Government red tape is preventing some military-certified emergency medical technicians from getting jobs once they return home.
Seven states and the District of Columbia do not recognize military training and experience, but instead require the veterans to go through lengthy and expensive training for certification, according to a Fox News report.
Joshua Harmon spent 14 years serving as a certified EMT in the Marine Corps and Illinois National Guard, but he cannot get a civilian job in Illinois without the additional costly training.
With the unemployment rate for veterans at 7.9 percent, higher than the 6.7 percent national average, U.S. Rep. Adam Kinzinger, R-Ill., is trying to change that.
“If someone learns something in the military, they should be able to come back, and maybe have that in the civilian world with the task of minimal training,” he said.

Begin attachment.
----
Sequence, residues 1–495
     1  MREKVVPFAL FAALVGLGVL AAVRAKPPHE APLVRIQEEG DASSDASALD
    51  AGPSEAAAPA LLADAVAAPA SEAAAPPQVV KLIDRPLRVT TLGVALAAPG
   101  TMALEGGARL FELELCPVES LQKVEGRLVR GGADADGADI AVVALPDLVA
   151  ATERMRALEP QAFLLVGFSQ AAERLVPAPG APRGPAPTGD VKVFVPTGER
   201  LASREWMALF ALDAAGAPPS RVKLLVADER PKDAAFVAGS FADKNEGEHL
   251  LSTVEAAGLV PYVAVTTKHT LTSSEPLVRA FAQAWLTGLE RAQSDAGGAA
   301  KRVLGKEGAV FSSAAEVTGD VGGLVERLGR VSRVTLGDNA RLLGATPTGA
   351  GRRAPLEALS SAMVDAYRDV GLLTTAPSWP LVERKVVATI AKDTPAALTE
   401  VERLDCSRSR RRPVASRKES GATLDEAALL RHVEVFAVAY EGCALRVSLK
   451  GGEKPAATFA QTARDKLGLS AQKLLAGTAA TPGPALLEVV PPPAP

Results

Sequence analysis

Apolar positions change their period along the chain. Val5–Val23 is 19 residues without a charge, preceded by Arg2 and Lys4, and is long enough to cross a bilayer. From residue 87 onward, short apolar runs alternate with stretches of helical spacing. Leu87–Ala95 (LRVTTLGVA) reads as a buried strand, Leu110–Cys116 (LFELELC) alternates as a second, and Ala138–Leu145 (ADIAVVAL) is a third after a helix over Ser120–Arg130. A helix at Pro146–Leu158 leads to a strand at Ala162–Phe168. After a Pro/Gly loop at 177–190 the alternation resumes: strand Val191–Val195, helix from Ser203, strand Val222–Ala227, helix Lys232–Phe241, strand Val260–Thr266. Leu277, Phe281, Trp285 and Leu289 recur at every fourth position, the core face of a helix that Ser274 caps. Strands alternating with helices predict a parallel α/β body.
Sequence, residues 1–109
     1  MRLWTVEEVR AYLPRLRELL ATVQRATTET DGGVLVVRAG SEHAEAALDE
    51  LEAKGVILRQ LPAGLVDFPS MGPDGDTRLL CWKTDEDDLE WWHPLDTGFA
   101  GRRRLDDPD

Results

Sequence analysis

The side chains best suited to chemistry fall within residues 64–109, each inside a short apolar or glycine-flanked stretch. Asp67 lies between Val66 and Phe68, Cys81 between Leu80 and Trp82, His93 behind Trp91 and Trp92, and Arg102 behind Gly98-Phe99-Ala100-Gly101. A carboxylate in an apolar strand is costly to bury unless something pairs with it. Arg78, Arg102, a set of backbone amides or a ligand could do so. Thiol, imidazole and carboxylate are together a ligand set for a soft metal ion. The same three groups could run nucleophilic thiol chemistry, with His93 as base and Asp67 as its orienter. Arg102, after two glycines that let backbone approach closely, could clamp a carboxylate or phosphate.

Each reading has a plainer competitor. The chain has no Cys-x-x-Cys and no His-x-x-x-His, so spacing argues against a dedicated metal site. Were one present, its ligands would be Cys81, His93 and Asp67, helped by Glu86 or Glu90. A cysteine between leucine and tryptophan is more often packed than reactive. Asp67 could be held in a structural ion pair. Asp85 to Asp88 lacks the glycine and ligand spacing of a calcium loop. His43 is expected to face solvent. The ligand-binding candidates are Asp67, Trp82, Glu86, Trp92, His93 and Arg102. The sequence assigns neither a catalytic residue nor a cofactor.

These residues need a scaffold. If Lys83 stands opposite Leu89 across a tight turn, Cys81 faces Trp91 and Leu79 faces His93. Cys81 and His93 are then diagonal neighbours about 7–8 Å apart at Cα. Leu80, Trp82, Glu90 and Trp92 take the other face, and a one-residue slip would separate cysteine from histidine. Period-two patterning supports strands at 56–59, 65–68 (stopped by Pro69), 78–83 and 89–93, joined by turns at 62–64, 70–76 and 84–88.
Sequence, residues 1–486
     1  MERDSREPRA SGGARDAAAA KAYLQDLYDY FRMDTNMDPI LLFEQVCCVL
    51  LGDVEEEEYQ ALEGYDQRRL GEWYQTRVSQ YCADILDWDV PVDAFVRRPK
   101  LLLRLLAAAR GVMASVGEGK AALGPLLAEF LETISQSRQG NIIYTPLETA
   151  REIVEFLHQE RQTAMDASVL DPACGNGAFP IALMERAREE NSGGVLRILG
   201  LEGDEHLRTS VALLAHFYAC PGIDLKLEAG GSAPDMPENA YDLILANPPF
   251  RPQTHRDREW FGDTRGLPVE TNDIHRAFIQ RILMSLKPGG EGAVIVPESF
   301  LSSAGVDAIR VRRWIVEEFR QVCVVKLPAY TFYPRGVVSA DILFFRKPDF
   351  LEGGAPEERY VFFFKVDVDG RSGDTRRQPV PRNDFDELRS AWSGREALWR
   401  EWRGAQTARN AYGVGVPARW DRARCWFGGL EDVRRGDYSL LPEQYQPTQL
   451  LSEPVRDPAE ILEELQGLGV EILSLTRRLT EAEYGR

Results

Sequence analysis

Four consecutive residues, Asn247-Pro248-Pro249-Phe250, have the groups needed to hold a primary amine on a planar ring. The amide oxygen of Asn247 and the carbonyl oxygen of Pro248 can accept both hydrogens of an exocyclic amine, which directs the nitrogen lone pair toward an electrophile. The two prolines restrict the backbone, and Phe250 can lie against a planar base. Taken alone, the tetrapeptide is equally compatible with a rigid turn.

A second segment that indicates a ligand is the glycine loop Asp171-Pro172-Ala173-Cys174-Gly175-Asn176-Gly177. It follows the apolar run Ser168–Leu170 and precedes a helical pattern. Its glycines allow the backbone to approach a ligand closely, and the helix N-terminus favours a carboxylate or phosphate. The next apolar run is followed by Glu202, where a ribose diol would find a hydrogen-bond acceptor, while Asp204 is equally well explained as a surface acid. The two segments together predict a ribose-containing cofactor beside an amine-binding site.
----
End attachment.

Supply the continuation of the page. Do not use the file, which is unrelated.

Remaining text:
A veteran and current member of the Air National Guard, Kinzinger introduced H.R. 235, which would streamline the certification process for military EMTs. The measure has passed the House, but hasn’t been taken up in the Senate as of yet.
The bill applies to EMTs, but Kinzinger hopes to expand opportunities to other careers in the future.
Watch the report here via Fox News:
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